With busy summer ahead, Gonzalez more comfortable and confident, but still improving

With busy summer ahead, Gonzalez more comfortable and confident, but still improving

U.S. Men's National Team

With busy summer ahead, Gonzalez more comfortable and confident, but still improving

OmarGonzalezLA (ISIPhotos.com)

Photo by ISIphotos.com

By FRANCO PANIZO

UPPER MONTCLAIR, N.J. — From being named MLS Cup MVP as his LA Galaxy successfully defended their 2011 championship in December to starting in all-important World Cup qualifiers, Omar Gonzalez has accomplished quite a bit during the past six months.

The scary part? Gonzalez is only beginning to scratch the surface of the player he can become.

A busy summer awaits Gonzalez at both club and international levels, but the multitude of games the 24-year-old centerback is set to partake in for the LA Galaxy and U.S. Men’s National Team will provide him with more than one of the busiest stretches of his career. They will also give Gonzalez more room to grow.

“He’s still, even though he’s in this for about five years, a player that has a little bit of peaks and valleys and we’re trying to see if we can get him a little bit more consistent,” said Galaxy head coach Bruce Arena. “That’s what I’d like to see. Omar playing at a consistent level is much better for us and for Omar than rather having the great games and the games that sometimes are subpar.

“We want him to be consistent. If he’s consistent, he’s a very good player.”

U.S. head coach Jurgen Klinsmann is surely hoping for the same type of consistency from the aerial authority. Gonzalez struggled mightily in his first World Cup qualifier in Honduras back in February, but responded brilliantly about a month later by helping the Americans record a pair of cleansheets.

First, Gonzalez fought off blizzard-like conditions in a 1-0 home win over Costa Rica and he followed that up with another strong defensive showing against Javier ‘Chicharito’ Hernandez and the rest of archrivals Mexico in a scoreless draw at Estadio Azteca.

The two-time MLS Cup champion concedes that those bounce-back performances served as a “big confidence-booster” and helped him further adapt to the style of play at the international level, but Gonzalez also came away with something he appears to deem even more valuable.

“Bigger than that, more games with those guys and getting to know them and their personalities on and off the field,” said Gonzalez. “The more I’m there, the more comfortable I’m going to be.”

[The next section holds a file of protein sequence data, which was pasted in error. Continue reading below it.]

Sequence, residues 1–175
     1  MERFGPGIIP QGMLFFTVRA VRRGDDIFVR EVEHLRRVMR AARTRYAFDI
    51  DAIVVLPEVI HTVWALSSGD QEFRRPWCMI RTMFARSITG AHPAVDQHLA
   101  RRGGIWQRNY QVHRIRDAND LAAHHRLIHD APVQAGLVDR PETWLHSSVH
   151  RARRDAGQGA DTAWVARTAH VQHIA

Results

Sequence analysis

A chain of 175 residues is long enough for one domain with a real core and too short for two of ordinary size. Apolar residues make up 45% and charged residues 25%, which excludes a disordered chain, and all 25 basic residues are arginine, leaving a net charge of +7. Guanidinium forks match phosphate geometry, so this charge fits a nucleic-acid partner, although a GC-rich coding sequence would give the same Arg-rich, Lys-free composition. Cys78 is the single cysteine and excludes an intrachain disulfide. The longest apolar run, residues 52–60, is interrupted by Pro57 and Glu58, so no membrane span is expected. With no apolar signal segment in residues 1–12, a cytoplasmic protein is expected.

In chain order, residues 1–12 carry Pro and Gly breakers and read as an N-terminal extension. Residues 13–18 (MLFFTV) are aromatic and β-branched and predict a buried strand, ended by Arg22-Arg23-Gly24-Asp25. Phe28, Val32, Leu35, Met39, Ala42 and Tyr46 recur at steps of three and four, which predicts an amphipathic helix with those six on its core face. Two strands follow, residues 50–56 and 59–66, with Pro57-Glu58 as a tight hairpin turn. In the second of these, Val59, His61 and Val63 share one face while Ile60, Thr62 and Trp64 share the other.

That clearly was not the case back in February. Klinsmann elected to start Gonzalez – who, with just six caps to his name,  is still inexperienced internationally – in central defense in Honduras over grizzled veteran and former U.S. captain Carlos Bocanegra.

The decision to throw Gonzalez into the fire came as a shock to many observers considering the degree of difficulty traditionally associated with road qualifiers in CONCACAF, and it was made to look even more puzzling after Gonzalez was directly involved in the second-half Jerry Bengtson goal that doomed the Americans to a 2-1 loss against Los Catrachos. Gonzalez hesitated in tracking Bengtson’s run inside the penalty area for just a moment but that was enough for the Honduran forward to bury a square pass into an open net.

“It was definitely a difficult first time being with the first team and never meeting some of those guys and just meeting them for the first time,” said Gonzalez on how he looks back at the game now. “The Honduras game happened and I think what’s great is that I got over it and just forgot about it and focused on the next games.”

While Gonzalez rebounded well with his two starts in qualifying in March, there is still plenty of room for improvement. Not only can Gonzalez develop a better understanding with his U.S. teammates and find a bit more consistency in his game, but he can also work on his decision-making with the ball at his feet as well as his leadership skills.

History, however, seems to indicate that Gonzalez will accomplish all of that and then some.

“We learned in the first year that he started out pretty raw but he kept progressing and getting to the next level,” said Galaxy teammate Landon Donovan. “The following year, it was, ‘How do you build on that?’ Now, he’s at a point where he needs to be a leader for us, which he’s starting to do, and he’s making his way into the national team.

“Sometimes guys will progress to a certain point and then they stop but he seems like he just keeps progressing and every step that comes he handles it and he handles it well and then he moves on to the next step. We fully expect that he’s going to continue his rise and keep getting better.”

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